Anyway, our Woodwork and Metalwork teacher’s name was incredibly Mr Ironsides (His real name … not even I could make that up!). We called him “Tinribs” behind his back, and one day he was telling us about a special strong glue we needed to use on the small boxes or some other useless thing we were making. Tinribs had a bit of a lisp or soft palate, producing a funny way of speaking:
“A’right then boysh, let me tell you about thish glue; it’sh very shtrong, it hash great adheshive powersh …”
He was holding up a plastic bottle of the glue, it was about half full. He was extolling the superior sticking power of the glue, saying:
“You know ladsh, thish ish the shame glue they ushed on Donald Campbell’sh Bluebird to build it afore he shet the worrl’ record.”
Up chirps young James – in less than six years he would be a first-year medical student – all bright and black-curly haired, his hand raised to ask something, a sensible question one would expect because Tinribsh was pretty strict and brooked no tomfoolery, especially since we were in a risk situation, a place full of “awfy dangeroush” machinery and toolsh. Tinribs didn’t like to be interrupted, and looked out of shorts (sic) as he shed (sic),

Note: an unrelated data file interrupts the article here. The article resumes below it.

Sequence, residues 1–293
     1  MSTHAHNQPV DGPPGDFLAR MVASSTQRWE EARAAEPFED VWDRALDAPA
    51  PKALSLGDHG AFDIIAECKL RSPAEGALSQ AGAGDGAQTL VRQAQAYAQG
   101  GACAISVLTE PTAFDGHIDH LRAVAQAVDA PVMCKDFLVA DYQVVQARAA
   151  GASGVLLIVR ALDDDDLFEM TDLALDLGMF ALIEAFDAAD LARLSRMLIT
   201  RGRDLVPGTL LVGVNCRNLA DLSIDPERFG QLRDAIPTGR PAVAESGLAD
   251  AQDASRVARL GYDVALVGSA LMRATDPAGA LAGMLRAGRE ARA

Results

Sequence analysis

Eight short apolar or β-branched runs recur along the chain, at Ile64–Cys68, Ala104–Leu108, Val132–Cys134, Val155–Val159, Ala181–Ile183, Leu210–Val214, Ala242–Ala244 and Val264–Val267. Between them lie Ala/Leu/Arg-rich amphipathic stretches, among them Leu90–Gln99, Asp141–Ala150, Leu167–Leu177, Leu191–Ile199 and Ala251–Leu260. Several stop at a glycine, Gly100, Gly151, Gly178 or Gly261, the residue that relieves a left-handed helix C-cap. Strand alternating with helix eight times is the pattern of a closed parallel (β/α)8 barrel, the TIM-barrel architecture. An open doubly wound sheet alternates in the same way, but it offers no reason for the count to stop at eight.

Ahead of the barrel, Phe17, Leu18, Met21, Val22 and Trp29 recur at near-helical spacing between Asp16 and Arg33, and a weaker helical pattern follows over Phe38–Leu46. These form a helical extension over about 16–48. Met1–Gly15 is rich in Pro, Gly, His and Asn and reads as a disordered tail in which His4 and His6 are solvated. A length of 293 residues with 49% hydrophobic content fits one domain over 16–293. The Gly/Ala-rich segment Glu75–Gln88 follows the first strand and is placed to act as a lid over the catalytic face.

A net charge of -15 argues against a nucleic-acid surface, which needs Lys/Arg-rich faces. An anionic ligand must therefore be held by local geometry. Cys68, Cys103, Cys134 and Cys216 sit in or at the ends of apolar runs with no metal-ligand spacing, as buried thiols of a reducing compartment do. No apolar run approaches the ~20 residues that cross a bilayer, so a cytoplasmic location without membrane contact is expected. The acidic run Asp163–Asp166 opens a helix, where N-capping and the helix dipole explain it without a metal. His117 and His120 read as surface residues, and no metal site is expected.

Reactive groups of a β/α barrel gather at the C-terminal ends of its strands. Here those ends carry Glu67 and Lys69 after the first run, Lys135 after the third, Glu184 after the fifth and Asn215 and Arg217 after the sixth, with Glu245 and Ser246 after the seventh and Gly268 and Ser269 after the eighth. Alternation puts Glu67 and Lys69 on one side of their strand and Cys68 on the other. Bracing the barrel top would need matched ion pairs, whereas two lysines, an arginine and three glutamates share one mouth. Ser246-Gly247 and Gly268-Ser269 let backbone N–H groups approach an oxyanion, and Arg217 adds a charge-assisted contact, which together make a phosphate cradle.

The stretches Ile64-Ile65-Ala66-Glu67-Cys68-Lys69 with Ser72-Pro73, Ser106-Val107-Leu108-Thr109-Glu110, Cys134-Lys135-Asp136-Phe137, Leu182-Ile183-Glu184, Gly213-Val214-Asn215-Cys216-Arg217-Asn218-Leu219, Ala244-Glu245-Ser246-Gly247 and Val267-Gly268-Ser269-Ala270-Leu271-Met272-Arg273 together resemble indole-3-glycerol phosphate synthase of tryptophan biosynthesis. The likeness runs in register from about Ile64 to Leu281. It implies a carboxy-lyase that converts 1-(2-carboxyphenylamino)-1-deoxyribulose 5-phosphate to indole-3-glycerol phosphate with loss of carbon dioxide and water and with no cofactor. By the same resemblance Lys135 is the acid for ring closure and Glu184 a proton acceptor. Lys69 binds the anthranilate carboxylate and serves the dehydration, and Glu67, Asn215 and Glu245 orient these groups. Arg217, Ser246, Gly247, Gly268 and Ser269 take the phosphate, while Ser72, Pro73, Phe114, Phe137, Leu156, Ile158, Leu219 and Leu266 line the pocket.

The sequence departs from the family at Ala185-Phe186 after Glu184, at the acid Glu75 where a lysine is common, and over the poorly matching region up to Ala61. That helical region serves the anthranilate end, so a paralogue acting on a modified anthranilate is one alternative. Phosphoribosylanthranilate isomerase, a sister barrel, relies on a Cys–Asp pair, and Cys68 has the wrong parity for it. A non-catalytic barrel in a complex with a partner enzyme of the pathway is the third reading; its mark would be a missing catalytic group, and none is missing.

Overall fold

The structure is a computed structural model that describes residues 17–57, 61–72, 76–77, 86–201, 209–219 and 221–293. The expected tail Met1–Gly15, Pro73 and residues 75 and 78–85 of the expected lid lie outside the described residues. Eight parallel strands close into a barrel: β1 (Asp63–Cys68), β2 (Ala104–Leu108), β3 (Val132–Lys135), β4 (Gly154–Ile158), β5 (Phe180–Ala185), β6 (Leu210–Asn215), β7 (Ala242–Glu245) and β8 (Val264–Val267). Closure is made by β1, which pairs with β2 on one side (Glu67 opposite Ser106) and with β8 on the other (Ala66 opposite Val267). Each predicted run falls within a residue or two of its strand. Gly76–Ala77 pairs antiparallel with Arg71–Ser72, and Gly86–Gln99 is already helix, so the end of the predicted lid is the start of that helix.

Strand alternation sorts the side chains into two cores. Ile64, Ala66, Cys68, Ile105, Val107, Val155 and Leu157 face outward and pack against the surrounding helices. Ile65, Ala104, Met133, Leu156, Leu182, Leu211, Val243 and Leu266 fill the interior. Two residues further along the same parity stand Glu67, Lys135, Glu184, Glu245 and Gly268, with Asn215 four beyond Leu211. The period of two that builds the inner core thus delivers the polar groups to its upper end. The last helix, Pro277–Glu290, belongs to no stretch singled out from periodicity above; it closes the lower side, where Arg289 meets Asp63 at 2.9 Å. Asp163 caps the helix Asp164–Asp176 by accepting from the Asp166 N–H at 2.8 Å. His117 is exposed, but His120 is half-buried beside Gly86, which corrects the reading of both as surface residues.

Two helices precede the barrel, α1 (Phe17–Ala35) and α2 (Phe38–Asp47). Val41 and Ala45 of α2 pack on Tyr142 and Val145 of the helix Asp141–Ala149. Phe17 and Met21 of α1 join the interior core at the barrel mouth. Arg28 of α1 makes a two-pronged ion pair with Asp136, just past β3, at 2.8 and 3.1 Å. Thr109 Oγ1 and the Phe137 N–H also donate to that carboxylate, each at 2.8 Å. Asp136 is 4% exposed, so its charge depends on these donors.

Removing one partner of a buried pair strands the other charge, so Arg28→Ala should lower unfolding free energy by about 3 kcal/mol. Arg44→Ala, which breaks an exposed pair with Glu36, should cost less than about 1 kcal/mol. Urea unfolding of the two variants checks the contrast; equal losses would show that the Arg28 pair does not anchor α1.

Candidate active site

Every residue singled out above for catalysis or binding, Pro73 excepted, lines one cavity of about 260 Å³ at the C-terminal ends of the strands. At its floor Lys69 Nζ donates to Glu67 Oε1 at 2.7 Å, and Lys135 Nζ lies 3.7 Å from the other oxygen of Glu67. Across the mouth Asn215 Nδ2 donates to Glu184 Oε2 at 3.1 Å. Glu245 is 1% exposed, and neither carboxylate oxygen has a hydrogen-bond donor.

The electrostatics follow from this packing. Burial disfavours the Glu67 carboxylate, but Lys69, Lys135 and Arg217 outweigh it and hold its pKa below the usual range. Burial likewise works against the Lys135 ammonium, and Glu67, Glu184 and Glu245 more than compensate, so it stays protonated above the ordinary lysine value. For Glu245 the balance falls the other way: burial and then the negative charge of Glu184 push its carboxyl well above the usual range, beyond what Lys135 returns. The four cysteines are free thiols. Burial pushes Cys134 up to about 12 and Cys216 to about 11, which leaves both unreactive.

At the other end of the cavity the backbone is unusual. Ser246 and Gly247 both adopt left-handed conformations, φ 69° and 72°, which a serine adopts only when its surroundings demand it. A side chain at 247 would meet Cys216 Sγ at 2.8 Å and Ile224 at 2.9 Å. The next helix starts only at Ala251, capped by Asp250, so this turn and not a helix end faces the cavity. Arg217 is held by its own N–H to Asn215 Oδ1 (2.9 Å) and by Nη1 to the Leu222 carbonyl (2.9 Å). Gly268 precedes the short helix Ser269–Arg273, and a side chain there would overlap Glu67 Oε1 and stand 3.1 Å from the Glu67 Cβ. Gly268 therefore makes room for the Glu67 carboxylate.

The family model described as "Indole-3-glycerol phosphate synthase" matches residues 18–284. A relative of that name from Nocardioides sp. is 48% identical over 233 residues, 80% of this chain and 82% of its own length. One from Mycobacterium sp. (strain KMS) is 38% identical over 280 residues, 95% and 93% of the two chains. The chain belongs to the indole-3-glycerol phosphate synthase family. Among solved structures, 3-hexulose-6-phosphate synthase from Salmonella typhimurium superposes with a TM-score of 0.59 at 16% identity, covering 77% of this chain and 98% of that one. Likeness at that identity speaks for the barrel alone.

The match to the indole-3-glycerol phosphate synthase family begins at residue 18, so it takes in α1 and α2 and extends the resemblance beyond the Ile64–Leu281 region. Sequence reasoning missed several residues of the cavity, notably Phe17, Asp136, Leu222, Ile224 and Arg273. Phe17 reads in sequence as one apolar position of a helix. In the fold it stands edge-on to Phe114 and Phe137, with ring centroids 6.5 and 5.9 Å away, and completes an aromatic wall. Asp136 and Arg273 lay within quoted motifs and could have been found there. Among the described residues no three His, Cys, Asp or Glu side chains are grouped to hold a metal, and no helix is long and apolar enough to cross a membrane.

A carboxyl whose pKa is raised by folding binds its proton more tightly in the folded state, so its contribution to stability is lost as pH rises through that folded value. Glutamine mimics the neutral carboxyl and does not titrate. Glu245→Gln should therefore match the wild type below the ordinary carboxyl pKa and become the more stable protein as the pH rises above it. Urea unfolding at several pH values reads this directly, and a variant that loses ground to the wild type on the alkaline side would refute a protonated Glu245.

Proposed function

“Yesh, what ish it, boy?”
Twelve-year-old James replied, wearing a serious look, “That’s the glue they used on the Bluebird, is it … sur?”
“Yesh, the shelfshame, lad.”
“Well, as you say, it must be very good indeed … .”
“What’sh your point, boy? Get it out!”
“Well, they didn’t use very much of it, did they? … Er, sir.”
This last politeness was added sort of as an afterthought, and possibly simply added to Tinribs’s serious affrontedness. He didn’t know whether to fart or go blind, couldn’t tell or take a joke. If he’d looked disgruntled at being interrupted he was now thunderous. He put down the botttle of glue and picked up a substantial chunk of four-by-two, then set upon James with a fair amount of energy. We all turned to witness the clownish antics of teacher chasing pupil leaping away down past the workbenches, Tinribs shouting: